The technology sandbox would have the following characteristics:

  • It would be available 24/7 to all stakeholders.
  • It would be accessible from any device from a smartphone to a tablet. With the advancement of HTML 5.0, the area would be automatically scaled to fit whatever device being used.
  • It would allow for collaboration regardless of what region of the world the area is being accessed from.
  • It would be encouraged as part of the informal learning that contributes to any formal learning that is prescribed.


2. Identify Important Learning Principles Which Are Key To Engagement

If we want employees to be truly engaged in advancing their learning, which leads to better performance, we need to be able to identify what engages networked learners of the 21st century. A number of new trends in learning, which have been brought on by the technology and information revolution, have appeared. With a far more mobile workforce, microlearning has risen to the spotlight where being able to access small amounts of information quickly and from any device at any time is growing in popularity as opposed to formal courses. This trend coupled with the rise of informal learning gives us a snapshot of how on-the-go individuals adapt technology to their needs.

Another interesting learning principle focuses on an idea from our childhood when as children, our favorite time of the day was "tell me a story" time. As we became adults, becoming engaged in a story might mean reading an engrossing novel or watching a movie. This learning principle, that people are more willing to learn something if it is presented in a format where a story is told and they identify with the characters to the point that they feel being part of a story, has reached the 21st century in the form of serious gamification.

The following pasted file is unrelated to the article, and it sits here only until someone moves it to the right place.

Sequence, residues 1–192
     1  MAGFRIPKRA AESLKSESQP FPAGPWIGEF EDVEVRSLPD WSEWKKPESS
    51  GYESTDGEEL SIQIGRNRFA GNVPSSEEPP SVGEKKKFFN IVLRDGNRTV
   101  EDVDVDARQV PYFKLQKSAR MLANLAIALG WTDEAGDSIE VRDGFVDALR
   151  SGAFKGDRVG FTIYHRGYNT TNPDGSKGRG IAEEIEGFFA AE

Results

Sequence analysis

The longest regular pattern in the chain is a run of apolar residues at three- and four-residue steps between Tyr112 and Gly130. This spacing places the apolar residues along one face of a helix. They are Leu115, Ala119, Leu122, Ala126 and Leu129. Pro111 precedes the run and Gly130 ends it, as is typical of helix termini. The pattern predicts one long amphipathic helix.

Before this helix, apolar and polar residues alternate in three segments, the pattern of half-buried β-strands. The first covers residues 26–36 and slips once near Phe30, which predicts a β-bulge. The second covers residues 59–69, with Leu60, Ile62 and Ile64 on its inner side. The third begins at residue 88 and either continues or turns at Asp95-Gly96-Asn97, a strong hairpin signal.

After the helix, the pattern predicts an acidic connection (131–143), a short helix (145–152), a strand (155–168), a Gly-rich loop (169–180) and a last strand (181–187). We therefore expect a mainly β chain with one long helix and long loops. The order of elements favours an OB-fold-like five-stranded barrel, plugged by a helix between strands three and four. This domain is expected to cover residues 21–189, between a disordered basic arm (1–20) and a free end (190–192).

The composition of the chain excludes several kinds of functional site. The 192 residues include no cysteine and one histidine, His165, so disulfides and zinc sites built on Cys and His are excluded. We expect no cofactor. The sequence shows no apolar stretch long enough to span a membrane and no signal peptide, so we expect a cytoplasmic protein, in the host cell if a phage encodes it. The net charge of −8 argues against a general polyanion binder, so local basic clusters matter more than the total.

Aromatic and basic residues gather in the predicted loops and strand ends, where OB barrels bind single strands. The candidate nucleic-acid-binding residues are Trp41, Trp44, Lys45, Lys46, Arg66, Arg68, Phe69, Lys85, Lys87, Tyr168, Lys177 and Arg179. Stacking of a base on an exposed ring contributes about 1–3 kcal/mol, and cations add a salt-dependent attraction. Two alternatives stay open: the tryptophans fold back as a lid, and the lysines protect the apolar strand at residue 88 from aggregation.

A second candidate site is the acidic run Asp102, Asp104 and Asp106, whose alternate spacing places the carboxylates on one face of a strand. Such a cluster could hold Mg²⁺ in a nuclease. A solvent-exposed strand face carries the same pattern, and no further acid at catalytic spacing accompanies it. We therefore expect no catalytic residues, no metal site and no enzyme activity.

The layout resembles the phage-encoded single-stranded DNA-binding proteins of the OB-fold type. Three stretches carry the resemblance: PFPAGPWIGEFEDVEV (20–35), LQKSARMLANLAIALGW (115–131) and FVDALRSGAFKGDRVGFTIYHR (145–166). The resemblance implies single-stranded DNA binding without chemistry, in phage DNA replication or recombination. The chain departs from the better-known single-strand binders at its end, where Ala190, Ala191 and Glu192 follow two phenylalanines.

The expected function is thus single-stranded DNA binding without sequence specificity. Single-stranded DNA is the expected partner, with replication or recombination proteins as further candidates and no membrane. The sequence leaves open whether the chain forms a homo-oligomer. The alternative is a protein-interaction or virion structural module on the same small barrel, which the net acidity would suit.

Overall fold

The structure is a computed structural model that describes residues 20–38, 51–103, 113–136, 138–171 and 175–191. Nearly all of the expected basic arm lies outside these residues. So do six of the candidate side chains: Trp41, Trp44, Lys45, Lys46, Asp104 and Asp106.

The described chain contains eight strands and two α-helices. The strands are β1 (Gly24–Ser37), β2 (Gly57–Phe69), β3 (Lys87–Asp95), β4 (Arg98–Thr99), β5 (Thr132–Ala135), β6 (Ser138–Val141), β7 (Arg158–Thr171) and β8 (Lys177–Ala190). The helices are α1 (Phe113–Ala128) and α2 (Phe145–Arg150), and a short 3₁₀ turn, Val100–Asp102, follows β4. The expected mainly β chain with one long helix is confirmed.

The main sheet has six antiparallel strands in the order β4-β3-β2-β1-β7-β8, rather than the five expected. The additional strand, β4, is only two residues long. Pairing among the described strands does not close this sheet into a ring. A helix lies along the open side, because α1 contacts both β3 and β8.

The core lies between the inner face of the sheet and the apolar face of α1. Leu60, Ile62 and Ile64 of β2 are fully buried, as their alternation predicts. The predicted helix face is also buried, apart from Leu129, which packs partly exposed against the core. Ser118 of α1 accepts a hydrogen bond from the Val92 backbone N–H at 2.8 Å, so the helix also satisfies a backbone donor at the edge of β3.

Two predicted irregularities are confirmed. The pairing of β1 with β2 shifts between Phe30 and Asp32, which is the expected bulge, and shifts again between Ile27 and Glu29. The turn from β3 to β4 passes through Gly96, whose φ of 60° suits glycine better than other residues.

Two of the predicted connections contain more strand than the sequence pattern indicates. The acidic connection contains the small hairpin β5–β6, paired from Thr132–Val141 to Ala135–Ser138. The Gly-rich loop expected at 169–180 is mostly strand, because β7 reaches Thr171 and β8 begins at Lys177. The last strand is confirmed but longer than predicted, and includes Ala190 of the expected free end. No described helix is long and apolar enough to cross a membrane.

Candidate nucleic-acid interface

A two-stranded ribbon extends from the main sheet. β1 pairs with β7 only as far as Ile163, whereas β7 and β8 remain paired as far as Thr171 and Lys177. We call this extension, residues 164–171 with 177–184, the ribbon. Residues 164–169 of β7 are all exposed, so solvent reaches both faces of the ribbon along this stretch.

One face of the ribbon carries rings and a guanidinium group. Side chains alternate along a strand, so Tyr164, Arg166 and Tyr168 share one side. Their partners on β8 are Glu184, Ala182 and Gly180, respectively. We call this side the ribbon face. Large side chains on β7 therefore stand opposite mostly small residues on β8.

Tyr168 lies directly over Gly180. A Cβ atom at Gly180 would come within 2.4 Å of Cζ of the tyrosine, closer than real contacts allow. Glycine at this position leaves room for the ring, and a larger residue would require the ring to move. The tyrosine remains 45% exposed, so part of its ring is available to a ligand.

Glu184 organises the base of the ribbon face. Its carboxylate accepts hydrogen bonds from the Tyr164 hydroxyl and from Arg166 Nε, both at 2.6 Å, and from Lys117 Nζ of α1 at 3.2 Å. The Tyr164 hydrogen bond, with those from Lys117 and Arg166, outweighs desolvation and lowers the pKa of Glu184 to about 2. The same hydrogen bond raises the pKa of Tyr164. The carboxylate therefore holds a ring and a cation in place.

3.  Identify The Necessary Tools For Designing Engaging Learning Experiences

Looking back at the principles of the eLearning Manifesto, we have the requirements that an eLearning tool must satisfy. The tool used must be able to:

  • Provide realistic practice
  • Enlist authentic contexts
  • Provide guidance and feedback
  • Provide realistic consequences

One idea that is common to all requirements is that they reflect a "mentor on the side" approach instead of the "sage on the stage" approach. This means that the traditional approach represented by the "sage on the stage", which has been at the heart of training for decades, is no longer an effective approach to engaging employees in their upgrading of skillsets and learning in general.

Now the emphasis is put on looking at the trainer as a co-learner and collaborator with the employees. This leads us to the question:

"What design tools can meet the requirements  for creating a needed transformation in the learning culture as outlined?"

Some of the design tools that are part of the new design stream trying to create learning experiences that encapsulate what the principles suggest are:

  • Articulate 360 with Storyline3
  • Branch Track
  • Chat Mapper
  • Trivantis Lectora Inspire
  • Elucidat
  • iSpring Suite 8
  • Gomo Learning

In part 3 of this article, we will look at some of the pros and cons of some of the above, and will also suggest some more unorthodox tools that involve the use of serious gamification elements to create the irresistibly engaging immersive learning environments.